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The University of Hong Kong
The University of Hong Kong
The University of Hong Kong
School of English Postgraduate Seminar Session
Queer poiesis: Reversing the other in Why Karen Carpenter Matters
Luisa Wan, MPhill Candidate, School of English, The University of Hong Kong

In Queer Experimental Literature, Tyler Bradway observes how the criticality of reading practices are often evaluated in terms of their affective charge. Accordingly, they turn to formal experiments in queer literature to recuperate the usefulness of readerly affect in generating alternative social imaginaries. In this paper, I read Karen Tongson’s Why Karen Carpenter Matters to explore how Tongson experiments with the dialogical structure of the personal essay to reconfigure the oppositionality between the postcolonial self and the Other. Foregrounding her experience of what Lauren Berlant calls “cruel optimism”—a dialectical condition that exists when something one desires is the obstacle to one’s flourishing—Tongson reckons with the source of her feelings in the form of a literary dialogue with the singer Karen Carpenter. Analysing how Tongson weaves her biographical account with Carpenter’s, I argue this dialogical exchange fosters a relationality that “queers” the dialectical double bind that “cruel optimism” sustains.


Rethinking radicalism: the utilitarians’ democratic concept of political disinterestedness
Anneliese Ng, PhD Candidate, School of English, The University of Hong Kong

In the early nineteenth century, millions in Britain joined the movement of radicalism, demanding a “radical” reform of the parliament, including universal (male) suffrage, so that Members of Parliament would be chosen by all (adult males) in Britain. Coming from the middle and working classes, these “radicals” contended that implementing democracy was the only way to protect their economic interests. Historians accordingly treated radicalism as an analysis of socio-economic problems in terms of distribution of political power, versus Marxism which analysed social problems in terms of distribution of economic power or means of production. This talk foregrounds the utilitarians’ argument for democracy as an essential condition for realizing society’s greatest happiness or “utility”. I argue that, more than providing a perspective on social problems, radicalism provided the first theorization of political disinterestedness as a democratic ability possessable by the common people – not an elite quality possessable only by the aristocracy.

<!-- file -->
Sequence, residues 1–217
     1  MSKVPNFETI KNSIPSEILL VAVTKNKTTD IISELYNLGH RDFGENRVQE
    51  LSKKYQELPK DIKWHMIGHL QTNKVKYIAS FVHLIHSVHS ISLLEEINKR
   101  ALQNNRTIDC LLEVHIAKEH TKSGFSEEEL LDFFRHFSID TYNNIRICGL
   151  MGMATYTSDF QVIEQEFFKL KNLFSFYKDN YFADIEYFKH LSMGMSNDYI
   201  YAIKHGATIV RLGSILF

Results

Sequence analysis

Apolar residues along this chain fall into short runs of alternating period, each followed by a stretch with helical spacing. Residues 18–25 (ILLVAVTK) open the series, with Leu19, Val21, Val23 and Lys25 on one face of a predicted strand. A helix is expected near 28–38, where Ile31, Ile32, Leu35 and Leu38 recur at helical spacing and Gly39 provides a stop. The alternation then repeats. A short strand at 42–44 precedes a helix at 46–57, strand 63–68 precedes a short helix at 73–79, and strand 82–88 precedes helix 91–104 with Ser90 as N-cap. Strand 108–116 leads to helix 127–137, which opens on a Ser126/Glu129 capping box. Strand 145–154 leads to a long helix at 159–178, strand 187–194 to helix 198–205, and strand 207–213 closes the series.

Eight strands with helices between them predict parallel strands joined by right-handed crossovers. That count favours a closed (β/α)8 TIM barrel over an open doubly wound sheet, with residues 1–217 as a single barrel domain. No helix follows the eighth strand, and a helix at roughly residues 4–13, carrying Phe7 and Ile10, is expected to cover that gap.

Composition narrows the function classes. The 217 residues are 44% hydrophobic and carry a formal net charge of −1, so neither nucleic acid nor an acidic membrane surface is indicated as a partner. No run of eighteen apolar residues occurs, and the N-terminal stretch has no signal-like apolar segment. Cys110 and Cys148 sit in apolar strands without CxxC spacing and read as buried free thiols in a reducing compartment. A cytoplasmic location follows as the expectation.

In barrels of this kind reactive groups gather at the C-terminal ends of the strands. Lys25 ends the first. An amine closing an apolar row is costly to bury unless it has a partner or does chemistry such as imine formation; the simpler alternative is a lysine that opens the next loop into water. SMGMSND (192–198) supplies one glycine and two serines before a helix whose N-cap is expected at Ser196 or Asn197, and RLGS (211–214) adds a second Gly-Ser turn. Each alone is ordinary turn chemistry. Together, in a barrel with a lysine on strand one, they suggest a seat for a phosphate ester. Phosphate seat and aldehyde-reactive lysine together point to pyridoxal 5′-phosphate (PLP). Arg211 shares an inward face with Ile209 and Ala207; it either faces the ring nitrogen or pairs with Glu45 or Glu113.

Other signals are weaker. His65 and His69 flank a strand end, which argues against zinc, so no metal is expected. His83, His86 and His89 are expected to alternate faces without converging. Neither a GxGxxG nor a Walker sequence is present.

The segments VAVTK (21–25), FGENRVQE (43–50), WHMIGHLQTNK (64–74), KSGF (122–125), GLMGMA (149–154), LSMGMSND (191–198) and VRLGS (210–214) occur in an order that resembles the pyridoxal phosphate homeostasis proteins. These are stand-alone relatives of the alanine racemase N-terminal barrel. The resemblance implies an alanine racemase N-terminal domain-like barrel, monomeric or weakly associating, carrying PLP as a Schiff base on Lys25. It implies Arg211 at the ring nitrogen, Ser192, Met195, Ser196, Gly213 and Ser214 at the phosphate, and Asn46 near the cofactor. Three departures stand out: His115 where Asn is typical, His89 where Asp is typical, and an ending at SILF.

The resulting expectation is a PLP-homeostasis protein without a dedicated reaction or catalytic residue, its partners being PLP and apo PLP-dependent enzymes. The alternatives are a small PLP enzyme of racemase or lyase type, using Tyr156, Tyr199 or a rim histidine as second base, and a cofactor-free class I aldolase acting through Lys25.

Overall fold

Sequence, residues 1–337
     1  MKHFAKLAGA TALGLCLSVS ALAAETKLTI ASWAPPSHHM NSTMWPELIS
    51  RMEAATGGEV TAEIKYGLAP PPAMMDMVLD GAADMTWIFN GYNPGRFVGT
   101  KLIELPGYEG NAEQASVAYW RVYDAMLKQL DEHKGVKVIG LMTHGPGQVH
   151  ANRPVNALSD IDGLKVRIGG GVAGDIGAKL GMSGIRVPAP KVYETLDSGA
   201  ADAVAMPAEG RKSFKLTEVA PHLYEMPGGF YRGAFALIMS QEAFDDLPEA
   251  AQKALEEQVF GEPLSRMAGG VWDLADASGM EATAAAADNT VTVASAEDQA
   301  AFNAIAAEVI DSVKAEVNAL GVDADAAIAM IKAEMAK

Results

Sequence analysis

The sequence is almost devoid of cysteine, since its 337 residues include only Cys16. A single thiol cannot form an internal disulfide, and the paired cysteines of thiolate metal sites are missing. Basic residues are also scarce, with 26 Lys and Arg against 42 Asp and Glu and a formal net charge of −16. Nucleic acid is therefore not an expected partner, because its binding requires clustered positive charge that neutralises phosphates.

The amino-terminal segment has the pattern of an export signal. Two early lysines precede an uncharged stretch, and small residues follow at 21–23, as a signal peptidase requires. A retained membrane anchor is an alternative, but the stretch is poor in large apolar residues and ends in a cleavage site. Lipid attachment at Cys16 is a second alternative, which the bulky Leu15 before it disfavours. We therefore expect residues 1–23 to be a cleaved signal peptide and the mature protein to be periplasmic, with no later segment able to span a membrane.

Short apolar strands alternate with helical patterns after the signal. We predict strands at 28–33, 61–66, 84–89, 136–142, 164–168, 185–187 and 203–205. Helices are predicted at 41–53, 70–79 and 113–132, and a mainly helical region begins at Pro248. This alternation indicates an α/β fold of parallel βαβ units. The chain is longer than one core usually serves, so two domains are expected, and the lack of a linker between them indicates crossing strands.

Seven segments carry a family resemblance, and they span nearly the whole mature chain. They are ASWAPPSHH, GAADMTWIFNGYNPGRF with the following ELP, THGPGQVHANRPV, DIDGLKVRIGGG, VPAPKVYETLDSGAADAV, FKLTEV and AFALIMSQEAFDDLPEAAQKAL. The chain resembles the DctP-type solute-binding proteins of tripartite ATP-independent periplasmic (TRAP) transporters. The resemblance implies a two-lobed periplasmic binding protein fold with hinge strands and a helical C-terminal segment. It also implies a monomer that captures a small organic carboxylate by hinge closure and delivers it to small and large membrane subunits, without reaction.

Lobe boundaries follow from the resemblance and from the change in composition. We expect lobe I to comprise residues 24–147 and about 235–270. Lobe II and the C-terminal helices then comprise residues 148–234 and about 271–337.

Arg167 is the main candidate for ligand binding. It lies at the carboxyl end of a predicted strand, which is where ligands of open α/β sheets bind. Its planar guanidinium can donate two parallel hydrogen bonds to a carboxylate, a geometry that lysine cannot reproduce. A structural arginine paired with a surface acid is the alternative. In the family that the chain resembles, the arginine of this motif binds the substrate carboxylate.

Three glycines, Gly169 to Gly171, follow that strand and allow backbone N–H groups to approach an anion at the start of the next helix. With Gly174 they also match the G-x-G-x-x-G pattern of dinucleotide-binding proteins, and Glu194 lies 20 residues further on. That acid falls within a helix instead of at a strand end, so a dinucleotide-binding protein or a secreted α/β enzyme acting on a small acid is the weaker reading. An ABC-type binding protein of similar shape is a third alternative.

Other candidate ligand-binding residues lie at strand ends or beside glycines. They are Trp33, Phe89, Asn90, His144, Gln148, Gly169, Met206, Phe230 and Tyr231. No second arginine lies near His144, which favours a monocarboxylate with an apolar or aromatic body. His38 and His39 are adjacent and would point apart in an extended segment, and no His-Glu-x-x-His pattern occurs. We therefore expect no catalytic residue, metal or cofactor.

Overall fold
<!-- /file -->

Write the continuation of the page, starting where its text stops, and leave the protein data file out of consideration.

Ideas of fortune-telling after the Glorious Revolution in William Congreve’s Love for Love (1695)
Rowena Kwan, PhD Candidate, School of English, The University of Hong Kong

This presentation examines the meanings of experience and wisdom in William Congreve’s Love for Love. Produced 7 years after the triumph of the Glorious Revolution, Love for Love, exploring the themes of inheritance and different forms of governments, is a representation of the reformed ideologies of its own time. Revolving around the comedy of the struggle over inheritance between a father and a son, Love for Love responds, the paper argues, to the changing concepts of wisdom and the increasing demand for facts and scientific reasoning in the late-seventeenth century. Focusing on a discussion about travel experience in the play, the paper argues that Love for Love suggests that the popularisation of empiricism challenged the lack of physical and observable proof in the practice of the traditional means of prognostication, yet at the same time, exposes the unreliability of the claims of bodily experience.


Zoom Details

Zoom Link: https://hku.zoom.us/j/93961975799?pwd=cUFLdFN5VWZBN3lXOUlOQm80SlYzQT09

Meeting ID: 969 1683 2177
Password: 021538